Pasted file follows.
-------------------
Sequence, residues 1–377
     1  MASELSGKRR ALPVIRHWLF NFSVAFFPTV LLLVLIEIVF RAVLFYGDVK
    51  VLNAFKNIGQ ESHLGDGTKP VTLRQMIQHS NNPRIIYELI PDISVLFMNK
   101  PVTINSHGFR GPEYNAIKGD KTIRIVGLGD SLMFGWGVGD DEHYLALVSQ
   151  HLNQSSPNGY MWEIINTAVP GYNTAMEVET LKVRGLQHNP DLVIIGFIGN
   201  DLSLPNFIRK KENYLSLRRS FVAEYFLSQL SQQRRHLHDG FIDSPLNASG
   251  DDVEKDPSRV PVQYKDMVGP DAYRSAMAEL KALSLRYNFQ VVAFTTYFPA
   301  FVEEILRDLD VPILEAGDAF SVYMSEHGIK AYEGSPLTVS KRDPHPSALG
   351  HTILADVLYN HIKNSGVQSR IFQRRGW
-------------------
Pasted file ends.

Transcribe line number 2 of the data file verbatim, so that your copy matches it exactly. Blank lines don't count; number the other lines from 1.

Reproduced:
     1  MASELSGKRR ALPVIRHWLF NFSVAFFPTV LLLVLIEIVF RAVLFYGDVK